Labour Candidates for Walton & Hersham wish to thank the electorate for the support given in the May 2016 elections …

Hersham Village candidate, Dr Peter Jepson, says:

In Hersham Village we campaigned for the creation of an ‘Hersham Community Council’ – i.e. in order to protect the identity and community of Hersham. We now call upon the newly elected Councillors of Hersham Village to put residents first and setup this council asap.

 Walton North candidate, Richard Leonard, says:

We came within 88 votes of toppling one of the Tories A huge thank you to all those who voted for me in the May 2016 Borough Election. It was very humbling to realise that so many people turned out to support our views.

Walton South candidate, Vera-Anne Anderson, says:

Thank you for voting for me and the Labour Party.

Walton Central candidate, Margaret Hawkes, also conveys her gratitude.



“Greed is Good”? 

Sir Philip Green has come in for a fair bit of flack this week. The poor dear has done nothing illegal. Yes, he gave his wife, who is domiciled in Monaco (which means she misses our lovely weather) £400M dividends from BHS whilst at the same time running up a pension deficit of £500M. Yes, the £1.2Billion (I spelt it out because the B doesn’t do justice to the numbers) which he paid himself (or his wife I should say) some years ago was four times greater than the groups’ entire profits for the year but there is no suggestion, certainly from this quarter, that he has done anything wrong, legally. Morally and ethically that is a different matter.

My friend Joe, the pedant who is also an accountant, has pointed out to me that it is perfectly legal to pay early dividends providing it is from revenue and does not cause the company to be unable to fulfil its normal liabilities.

The current owner of the beleaguered company Dominic Chappell, twice a bankrupt, blithely finished his email to staff (yes, an email) with “I would like to say it has been a real pleasure working with all of you on the BHS project, one I will never forget… Bonne chance!” That’s all right then, it was only a project not the means by which long serving employees feed their family, pay the mortgage and live; most of the employees on the shop floor earn less than the so called living wage. It was obviously a pleasure for Chappell and his colleagues who took over BHS for they managed to relieve the stricken company of £25M during their brief tenure.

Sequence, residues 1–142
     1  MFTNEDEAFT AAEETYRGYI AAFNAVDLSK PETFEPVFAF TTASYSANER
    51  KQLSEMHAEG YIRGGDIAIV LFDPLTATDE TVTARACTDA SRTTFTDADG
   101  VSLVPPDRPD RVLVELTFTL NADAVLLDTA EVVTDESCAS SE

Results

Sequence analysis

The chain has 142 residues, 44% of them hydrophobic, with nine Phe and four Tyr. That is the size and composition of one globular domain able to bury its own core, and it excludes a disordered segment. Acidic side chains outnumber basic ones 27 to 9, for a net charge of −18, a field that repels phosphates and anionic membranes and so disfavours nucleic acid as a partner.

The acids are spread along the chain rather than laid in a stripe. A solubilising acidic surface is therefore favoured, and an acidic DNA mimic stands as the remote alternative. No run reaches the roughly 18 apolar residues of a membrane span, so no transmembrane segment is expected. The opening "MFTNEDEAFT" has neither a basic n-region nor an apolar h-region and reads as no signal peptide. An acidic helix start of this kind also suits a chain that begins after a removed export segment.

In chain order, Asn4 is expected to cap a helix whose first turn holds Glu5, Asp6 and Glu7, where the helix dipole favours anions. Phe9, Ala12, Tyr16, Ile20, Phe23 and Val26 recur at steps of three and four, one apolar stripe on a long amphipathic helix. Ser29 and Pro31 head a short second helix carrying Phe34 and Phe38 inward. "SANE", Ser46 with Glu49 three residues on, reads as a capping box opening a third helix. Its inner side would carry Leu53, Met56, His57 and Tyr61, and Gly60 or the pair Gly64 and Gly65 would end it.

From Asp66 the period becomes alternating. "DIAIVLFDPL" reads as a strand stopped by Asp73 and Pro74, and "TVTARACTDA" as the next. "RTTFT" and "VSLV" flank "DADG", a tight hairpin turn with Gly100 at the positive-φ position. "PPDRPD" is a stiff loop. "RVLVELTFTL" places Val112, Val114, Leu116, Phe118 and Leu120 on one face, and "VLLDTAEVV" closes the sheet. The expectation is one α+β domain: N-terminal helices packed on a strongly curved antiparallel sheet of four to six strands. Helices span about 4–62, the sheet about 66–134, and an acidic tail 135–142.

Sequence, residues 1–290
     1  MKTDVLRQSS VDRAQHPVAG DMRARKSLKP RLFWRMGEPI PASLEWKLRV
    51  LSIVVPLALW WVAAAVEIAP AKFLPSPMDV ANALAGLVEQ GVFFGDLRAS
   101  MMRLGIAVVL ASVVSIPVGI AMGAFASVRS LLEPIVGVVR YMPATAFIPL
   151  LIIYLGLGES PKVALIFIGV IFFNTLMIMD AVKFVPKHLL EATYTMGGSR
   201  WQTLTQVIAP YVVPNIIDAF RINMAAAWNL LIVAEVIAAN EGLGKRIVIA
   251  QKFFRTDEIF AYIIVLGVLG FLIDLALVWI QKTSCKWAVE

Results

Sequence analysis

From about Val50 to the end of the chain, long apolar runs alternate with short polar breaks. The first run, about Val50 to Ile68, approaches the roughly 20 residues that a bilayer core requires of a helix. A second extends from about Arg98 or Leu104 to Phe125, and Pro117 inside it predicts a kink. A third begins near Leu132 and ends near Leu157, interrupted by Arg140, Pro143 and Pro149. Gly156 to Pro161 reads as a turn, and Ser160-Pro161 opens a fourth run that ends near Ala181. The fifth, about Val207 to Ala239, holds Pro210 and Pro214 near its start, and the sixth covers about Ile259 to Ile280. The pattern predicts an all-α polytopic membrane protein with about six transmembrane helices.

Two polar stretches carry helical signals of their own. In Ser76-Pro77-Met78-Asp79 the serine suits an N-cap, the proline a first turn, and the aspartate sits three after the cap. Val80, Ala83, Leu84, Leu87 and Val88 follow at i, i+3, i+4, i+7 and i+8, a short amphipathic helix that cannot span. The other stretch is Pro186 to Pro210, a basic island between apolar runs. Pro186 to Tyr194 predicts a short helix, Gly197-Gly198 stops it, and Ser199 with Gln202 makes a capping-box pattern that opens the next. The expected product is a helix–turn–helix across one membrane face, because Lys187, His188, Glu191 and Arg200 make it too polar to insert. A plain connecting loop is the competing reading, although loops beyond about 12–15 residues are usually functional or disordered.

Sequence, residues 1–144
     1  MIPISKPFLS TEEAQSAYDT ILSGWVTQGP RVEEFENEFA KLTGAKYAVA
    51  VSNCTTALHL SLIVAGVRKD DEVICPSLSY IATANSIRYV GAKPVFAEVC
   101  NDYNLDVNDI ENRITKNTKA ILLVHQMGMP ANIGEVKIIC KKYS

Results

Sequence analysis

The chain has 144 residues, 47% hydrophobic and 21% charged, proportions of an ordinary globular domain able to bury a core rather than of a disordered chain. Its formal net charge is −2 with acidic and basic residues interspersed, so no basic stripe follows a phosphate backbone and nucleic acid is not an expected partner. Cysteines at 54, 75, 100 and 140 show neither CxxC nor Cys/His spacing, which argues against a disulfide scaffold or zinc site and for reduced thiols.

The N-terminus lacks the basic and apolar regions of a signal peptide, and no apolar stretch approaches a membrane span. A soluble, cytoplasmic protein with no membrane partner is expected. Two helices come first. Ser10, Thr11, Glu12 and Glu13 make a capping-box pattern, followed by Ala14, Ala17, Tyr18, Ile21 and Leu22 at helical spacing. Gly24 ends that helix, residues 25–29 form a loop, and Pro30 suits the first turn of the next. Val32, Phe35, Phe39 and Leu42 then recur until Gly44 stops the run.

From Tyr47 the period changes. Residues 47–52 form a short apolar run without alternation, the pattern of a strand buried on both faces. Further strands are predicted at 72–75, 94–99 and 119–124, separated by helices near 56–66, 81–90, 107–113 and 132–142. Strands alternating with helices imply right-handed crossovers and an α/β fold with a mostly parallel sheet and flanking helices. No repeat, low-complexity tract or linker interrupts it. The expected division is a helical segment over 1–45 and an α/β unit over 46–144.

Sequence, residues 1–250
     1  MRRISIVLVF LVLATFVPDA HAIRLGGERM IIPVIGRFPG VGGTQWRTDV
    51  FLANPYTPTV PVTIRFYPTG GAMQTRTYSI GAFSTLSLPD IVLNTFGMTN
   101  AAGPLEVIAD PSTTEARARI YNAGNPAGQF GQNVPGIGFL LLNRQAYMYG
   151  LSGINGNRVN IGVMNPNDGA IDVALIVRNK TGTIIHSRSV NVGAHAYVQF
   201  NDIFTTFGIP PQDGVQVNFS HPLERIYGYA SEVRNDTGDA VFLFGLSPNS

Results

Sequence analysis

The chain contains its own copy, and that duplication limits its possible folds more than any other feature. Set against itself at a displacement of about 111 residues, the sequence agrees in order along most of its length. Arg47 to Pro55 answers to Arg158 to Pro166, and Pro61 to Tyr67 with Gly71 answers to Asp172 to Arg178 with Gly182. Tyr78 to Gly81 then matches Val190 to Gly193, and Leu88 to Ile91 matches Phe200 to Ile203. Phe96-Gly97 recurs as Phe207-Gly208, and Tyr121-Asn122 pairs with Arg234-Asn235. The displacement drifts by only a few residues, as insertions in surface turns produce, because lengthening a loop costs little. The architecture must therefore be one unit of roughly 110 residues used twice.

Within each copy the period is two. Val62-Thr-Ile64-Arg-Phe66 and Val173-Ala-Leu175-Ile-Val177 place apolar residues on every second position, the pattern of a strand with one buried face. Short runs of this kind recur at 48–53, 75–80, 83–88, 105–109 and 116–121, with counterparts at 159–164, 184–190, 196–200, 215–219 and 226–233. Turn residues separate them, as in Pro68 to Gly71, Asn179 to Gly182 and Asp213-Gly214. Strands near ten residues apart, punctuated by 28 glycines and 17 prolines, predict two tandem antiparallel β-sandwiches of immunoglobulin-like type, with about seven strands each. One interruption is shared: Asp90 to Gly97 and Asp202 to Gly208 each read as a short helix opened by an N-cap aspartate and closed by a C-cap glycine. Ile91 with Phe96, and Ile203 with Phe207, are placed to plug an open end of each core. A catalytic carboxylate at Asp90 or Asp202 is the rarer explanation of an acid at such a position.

In 1973 the then Tory Prime Minister Ted Heath spoke about the unacceptable face of capitalism (referring to Lonrho), a view echoed this week by some Tory, yes Tory, MPs. It would be nice to think that the whole sorry saga of BHS is a wakeup call for our political masters. Together with the revelations from the Panama papers, in which it is alleged Dominic Chappell features, which showed that the richest people and companies in the world didn’t pay their fair share of taxes anywhere let alone where they should.

Socialists will tell you that all this is inevitable in a capitalist society, but none but the most extreme would have suggested that it was as blatant as it is today. The transgressors are unashamedly open with their ill-gotten gains. I’m sure Sir Philip, Tony Blair gave him his knighthood since you ask, will not be too bothered as he sips his Crystal Champagne on board his new megayacht for which he paid £100M. It’s his third yacht. The length of a football pitch; it is four stories high.

The Leave campaign suggests that leaving the EU would enable the UK to reduce the regulations governing business. I am probably alone amongst commentators in advocating more regulation. For too long business, small as well as large, have seen regulations controlling their accounts procedures and auditing reduced substantially and in some cases removed completely. The behaviour of some businesses is scandalous and must be stopped. Whilst the hard working citizens of this country continue to face severe austerity measures imposed by this uncaring government people like Green and Chappell are able to walk away with millions, sometimes billions, quite legally.

Sir Philip has at last been summoned to meet an MP’s committee to explain the huge hole he left in the BHS pension fund after acquiring a seemingly healthy company in 2000. The final kick in the teeth for the hapless employees is that Chappell, who put the company into administration is involved in trying to buy back some of the more profitable stores. You couldn’t make it up.

Just in case you think, dear reader, that I am in fact making it up, all the above facts can be verified in the Guardian/Daily Mail of the 26th April 2016.

During the height of Thatcherism in 1987, Gordon Gekko (Michael Douglas) said in the film ‘Wall Street’ – “Greed is Good”. It became the defining statement of the Thatcher years. Some things never change.

Jeremy Corbyn – “Stay in the EU”.

Jeremy Corbyn delivers his ‘Stay in the EU” speech.